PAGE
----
As the plot of the novel unfolds in a drastically different way than envisioned by the narrator, the importance of confronting and overcoming one’s subdued urges for the sake of reconciliation emerges as a new theme, not without the aid of the motif of jazz. The reconciliation of Joe and Violet occurs after Felice’s emotional confession about Dorcas’ death, encouraging Joe to “stop carrying on [fixating over Dorcas’ death]” (Morrison 207) and activating the process of bonding through music and dancing among the three. Similarly, Violet resolves her own internal dissonance by allowing herself to identify with her frightening alternate ego and realizing that “that Violet is [her]” (Morrison 96) through the revisiting of emotionally-charged memories. Even Dorcas’ death is romantic at the very least with the accompanying jazz music to represent her search for an identity in her fervent desires, despite her ultimate surrendering of control to appeasing others and allowing injustice to be done to her. Towards the end, the narrator is alarmed at being wrong about “the past [being] an abused record with no choice but to repeat itself at the crack…” (Morrison 220). The story the characters compose is no broken record, but something that more greatly resembles a piece of live jazz, inventive and dynamic. The City’s influence over the characters is still valid; the characters have merely become far more conscious and committed in their pursuit of feelings, allowing them to evolve in a way the distanced narrator cannot. Jazz and desire themselves are not dangerous like Alice or the narrator believe. Violet and Joe do not kill each other as a matter of course; like jazz, each piece of sound does not play for the sake of outdoing each other or conforming to a theme, but to daringly express and engage with one another to synthesize music that is truly “original, complicated, [and] changeable” (Morrison 220).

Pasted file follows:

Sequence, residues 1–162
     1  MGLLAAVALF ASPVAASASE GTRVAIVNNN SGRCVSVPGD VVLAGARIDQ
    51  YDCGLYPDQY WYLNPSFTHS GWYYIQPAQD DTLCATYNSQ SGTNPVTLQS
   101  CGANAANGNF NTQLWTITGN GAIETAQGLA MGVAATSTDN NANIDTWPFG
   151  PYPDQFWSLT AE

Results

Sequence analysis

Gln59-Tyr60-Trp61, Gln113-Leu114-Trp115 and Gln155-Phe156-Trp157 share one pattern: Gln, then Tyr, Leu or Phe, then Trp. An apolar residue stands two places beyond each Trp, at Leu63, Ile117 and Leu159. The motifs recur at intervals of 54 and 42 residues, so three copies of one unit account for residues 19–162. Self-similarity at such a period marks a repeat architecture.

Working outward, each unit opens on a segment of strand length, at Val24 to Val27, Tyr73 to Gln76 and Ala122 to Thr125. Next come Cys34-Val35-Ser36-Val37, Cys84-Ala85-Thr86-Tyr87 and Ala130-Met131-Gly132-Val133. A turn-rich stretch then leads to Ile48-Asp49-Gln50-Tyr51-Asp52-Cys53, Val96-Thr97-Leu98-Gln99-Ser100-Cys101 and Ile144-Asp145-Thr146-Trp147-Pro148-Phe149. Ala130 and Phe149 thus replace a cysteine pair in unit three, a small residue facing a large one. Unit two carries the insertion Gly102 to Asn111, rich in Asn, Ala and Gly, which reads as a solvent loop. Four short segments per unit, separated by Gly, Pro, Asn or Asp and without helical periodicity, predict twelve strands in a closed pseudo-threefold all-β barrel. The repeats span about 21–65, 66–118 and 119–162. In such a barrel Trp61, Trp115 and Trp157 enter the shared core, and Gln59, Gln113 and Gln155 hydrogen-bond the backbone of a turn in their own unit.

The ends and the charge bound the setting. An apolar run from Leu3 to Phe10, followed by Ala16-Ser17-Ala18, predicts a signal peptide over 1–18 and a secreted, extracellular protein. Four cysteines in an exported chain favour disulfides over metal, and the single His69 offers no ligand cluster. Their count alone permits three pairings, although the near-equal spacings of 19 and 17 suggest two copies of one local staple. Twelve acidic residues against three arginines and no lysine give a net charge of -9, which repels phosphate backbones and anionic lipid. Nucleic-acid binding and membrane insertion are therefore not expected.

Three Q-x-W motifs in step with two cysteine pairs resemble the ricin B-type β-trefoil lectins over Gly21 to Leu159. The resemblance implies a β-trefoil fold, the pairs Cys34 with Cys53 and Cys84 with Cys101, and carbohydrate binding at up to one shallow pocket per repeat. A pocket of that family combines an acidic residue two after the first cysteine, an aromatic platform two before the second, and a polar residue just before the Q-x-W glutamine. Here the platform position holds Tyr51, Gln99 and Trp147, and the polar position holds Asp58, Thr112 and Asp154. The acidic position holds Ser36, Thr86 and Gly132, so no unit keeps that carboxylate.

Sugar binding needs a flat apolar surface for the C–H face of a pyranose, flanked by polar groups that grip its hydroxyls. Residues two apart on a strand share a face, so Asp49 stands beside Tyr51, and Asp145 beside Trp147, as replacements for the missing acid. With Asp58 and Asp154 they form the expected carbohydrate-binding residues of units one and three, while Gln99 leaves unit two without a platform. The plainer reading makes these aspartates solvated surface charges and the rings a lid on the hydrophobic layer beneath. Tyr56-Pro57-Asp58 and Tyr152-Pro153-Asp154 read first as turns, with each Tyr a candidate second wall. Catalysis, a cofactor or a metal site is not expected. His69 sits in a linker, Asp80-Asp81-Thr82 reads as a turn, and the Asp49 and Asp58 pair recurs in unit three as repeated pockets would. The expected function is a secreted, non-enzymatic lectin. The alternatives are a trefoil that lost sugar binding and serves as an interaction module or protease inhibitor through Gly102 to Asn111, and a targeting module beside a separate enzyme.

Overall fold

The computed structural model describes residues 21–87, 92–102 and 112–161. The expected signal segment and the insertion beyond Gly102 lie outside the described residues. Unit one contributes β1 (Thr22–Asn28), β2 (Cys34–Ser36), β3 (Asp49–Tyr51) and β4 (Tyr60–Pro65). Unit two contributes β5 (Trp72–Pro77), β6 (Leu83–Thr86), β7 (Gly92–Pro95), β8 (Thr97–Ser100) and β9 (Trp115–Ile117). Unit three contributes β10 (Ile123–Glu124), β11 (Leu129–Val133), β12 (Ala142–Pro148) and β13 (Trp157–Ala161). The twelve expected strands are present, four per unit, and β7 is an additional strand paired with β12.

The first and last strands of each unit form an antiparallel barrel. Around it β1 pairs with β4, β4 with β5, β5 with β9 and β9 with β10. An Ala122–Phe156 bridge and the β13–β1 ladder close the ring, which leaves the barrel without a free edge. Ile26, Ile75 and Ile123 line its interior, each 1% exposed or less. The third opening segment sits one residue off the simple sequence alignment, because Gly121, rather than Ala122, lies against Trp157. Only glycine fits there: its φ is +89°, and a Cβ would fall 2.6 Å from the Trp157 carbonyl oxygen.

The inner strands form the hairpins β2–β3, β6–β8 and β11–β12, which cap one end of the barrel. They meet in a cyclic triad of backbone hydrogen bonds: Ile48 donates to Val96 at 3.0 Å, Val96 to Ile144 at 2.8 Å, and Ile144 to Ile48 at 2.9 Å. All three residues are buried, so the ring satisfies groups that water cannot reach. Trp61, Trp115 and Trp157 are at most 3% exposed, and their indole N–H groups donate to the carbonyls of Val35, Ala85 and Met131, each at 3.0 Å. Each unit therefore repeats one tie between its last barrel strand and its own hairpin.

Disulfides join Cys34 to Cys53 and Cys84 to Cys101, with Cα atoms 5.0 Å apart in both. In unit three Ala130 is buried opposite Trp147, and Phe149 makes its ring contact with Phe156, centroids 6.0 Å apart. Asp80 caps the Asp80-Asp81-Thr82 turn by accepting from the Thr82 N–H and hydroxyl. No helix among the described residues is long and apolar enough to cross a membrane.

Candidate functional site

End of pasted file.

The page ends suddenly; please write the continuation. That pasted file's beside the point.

While undeniably associated with the act of submitting oneself to desires at the discretion of external sources such as the City, jazz under Morrison’s pen is indivisible from the emotional urges that form an integral part of one’s identity. By addressing and integrating these emotions as a jazz player nourishes their music, one not only achieves an identity, but develops the power to extend their impact to both affect and harmonize with their surroundings. After all, as Violet says near the end: “What’s the world for if you can’t make it up the way you want it?” (Morrison 208)
Morrison, Toni. Jazz. London: Pan Books, 1993. Print.
Morrison, Toni, and Carolyn C. Denard. Toni Morrison: conversations. Jackson: U Press of Mississippi, 2008. Print.
OY/ML, Medusaworks. “Music Theory – Swing.” Sibelius Academy, n.d. Web. 05 Mar. 2017.